An intro to virtual economics, no tuition required.

The player market has long been considered an MMORPG staple. But recent MMOs like Guild Wars and Dungeons and Dragons Online: Stormreach have marginalized the MMO meta-market. Ethec takes a glimpse at what makes a virtual economy tick, why inflation is a bad thing (despite what some devs think), and why, all things considered, an interactive economy is an important part of a virtual community.

Though some developers have shrugged off inflation, saying that “everything scales” and “spend all you want, we'll 'print' more” (I can’t recall the exact source, but I’ve heard it more than once), if nothing else, inflation is a significant barrier to re-entry for players who would like to return to the game. More often in games with significant problems with inflation (Final Fantasy XI for one), casual players are locked out of the player market for high-end goods, simply because they can’t or won’t do what it takes (e.g. farm lucrative loot, or buy virtual currency with real-life money) to gain some venture capital to buy and sell with the big boys.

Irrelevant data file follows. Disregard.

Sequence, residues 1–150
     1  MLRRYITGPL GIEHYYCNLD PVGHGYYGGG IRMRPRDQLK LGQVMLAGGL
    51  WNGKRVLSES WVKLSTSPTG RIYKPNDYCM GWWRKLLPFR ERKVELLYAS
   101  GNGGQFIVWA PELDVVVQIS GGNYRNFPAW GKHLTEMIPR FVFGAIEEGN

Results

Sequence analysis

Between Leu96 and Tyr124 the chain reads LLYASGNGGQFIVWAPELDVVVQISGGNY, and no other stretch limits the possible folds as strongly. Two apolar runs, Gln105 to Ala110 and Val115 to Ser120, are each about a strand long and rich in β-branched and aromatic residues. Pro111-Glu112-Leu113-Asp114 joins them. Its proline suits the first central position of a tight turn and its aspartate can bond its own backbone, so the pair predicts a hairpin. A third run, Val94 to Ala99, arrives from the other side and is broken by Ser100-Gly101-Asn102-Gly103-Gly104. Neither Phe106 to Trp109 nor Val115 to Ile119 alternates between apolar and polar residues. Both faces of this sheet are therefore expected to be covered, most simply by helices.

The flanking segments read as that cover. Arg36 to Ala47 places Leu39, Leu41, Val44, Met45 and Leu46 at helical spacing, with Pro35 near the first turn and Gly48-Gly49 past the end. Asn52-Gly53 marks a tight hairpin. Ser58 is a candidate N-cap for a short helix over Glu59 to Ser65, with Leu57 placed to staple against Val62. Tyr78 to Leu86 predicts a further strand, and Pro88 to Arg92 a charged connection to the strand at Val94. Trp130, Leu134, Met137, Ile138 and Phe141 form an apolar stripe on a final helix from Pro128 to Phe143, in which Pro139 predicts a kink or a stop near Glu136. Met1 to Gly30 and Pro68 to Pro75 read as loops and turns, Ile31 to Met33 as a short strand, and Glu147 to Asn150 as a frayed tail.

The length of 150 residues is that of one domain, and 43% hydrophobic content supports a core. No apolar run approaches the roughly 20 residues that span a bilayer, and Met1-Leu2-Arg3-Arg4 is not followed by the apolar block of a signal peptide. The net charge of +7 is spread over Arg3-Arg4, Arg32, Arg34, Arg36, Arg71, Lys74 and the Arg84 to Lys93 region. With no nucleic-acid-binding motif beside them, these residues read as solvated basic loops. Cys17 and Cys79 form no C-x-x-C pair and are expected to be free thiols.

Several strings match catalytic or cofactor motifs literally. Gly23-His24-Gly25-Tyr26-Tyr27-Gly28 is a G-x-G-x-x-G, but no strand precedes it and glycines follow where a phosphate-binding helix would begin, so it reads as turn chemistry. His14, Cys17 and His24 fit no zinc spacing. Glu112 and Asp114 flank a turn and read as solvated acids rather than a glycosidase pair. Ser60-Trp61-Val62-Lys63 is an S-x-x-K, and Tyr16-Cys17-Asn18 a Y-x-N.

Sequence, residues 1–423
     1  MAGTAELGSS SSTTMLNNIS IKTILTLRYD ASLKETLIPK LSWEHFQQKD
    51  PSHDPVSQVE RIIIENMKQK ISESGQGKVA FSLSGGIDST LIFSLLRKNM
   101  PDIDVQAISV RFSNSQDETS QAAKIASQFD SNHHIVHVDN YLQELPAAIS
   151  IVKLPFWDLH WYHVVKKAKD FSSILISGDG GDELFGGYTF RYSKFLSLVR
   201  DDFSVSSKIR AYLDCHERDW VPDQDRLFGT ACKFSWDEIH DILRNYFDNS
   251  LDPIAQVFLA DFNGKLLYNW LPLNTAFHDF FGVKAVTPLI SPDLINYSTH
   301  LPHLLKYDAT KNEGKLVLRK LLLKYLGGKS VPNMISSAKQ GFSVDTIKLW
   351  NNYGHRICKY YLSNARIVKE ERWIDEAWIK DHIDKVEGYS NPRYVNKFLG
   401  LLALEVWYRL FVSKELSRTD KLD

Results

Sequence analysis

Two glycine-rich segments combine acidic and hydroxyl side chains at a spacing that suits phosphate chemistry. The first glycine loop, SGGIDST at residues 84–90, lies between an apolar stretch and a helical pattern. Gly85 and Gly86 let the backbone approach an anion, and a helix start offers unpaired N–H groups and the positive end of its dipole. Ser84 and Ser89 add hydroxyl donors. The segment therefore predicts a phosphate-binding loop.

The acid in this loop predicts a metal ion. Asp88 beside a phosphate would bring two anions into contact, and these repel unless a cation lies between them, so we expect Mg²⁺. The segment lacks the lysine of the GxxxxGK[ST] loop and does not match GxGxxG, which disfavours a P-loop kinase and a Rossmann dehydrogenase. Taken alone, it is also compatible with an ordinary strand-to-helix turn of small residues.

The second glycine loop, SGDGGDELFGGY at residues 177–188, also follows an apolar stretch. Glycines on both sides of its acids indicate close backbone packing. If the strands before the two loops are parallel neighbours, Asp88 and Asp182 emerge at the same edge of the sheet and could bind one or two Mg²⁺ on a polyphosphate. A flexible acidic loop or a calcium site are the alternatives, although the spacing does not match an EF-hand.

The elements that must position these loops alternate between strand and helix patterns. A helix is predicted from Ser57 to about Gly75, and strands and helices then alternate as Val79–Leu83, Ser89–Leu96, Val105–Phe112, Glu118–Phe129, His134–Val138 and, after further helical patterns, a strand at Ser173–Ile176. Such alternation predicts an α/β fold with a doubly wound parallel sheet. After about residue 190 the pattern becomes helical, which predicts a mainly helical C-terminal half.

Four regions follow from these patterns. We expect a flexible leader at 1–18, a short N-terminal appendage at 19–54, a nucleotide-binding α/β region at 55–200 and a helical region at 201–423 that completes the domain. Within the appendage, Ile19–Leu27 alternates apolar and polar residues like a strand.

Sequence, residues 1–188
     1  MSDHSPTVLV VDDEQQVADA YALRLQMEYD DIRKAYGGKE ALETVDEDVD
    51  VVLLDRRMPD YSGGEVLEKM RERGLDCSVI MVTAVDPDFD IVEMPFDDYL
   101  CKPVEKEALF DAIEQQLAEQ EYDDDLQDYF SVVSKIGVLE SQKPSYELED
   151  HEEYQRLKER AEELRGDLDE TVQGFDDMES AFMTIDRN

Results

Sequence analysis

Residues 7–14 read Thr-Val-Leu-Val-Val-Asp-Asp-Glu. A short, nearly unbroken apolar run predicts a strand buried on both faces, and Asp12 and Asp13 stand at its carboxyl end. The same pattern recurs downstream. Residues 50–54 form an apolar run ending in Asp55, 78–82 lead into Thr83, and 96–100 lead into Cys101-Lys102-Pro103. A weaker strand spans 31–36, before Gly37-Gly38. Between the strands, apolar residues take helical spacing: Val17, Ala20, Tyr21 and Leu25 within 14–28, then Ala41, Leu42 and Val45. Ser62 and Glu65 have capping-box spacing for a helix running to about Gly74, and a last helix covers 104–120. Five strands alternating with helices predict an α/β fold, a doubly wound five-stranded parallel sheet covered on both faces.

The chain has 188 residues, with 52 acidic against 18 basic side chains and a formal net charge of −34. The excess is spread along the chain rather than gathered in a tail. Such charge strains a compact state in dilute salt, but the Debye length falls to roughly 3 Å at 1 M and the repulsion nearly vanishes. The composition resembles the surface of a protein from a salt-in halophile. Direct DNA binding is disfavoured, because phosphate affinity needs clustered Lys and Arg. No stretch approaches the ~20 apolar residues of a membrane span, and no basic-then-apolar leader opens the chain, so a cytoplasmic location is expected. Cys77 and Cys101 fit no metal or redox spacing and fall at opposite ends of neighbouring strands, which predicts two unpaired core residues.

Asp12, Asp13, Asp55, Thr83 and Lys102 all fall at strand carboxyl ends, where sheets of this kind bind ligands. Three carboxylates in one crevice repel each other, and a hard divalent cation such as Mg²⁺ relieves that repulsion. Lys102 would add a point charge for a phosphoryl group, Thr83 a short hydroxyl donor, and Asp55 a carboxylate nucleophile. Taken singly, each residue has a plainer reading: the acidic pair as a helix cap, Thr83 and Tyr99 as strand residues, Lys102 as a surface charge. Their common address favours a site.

Ethec's thoughts on virtual economics right here at TenTonHammer main site.


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Last Updated: Mar 29, 2016

About The Author

Jeff
Jeff's interest in online games stretches back to organizing neighborhood Unreal tournaments as a teenager, but when a college roommate introduced him to EverQuest, an interest became an obsession. Jeff joined the Ten Ton Hammer team in 2004 covering EverQuest II, and he's had his hands on just about every PC online and multiplayer game since.

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